Beryl Wallace was an American singer, dancer and actress

Beryl Wallace was an American singer, dancer and actress. Born Beryl Heischuber in the Brighton Beach section of Brooklyn, New York, she was the eldest of nine children of working class Jewish immigrants from Austria. Pursuing a dancing career, she was in her teens when she saw a casting call advertisement in the newspaper and landed a role in the 1928 Earl Carroll Broadway theatre production of Vanities that was billed as having the "most beautiful girls in the world". Beryl Heischuber adopted the last name "Wallace" as part of her stage name and went on to appear in another six similar such risqué productions that featured scanty costumes for the female performers and full nudity for the first time on Broadway. Beryl Wallace and producer Earl Carroll began a personal relationship that would take them to Hollywood where she would perform in film and at his Earl Carroll Theatre. The theatre-supper club's facade was adorned by what at the time was one of Hollywood's most famous landmarks: a 20-foot-high neon facial portrait of Beryl Wallace of which a recreation can be seen today at Universal CityWalk, at Universal City, as part of the collection of historic neon signs from the Museum of Neon Art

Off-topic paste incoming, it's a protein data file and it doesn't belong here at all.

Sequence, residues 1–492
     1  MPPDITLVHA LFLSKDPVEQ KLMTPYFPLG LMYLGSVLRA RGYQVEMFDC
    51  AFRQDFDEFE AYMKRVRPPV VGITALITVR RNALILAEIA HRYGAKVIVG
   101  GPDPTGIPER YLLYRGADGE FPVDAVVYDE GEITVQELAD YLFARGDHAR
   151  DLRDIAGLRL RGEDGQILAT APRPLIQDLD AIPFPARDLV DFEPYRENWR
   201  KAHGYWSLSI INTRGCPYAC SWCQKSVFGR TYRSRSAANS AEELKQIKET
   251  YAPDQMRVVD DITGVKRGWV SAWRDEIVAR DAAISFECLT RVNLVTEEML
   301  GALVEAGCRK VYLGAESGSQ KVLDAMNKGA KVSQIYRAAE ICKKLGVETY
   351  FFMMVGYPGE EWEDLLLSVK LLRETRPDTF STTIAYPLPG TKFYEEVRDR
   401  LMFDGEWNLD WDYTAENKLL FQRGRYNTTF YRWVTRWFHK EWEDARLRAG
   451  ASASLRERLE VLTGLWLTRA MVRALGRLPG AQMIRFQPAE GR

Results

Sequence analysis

On June 17, 1948, while en route from Los Angeles to New York City, Beryl Wallace and Earl Carroll died in the crash of United Airlines Flight 624 in Aristes, Pennsylvania. They were interred together in the Garden of Memory at Forest Lawn Memorial Park Cemetery in Glendale, California.

Vintage femme fatale Beryl Wallace

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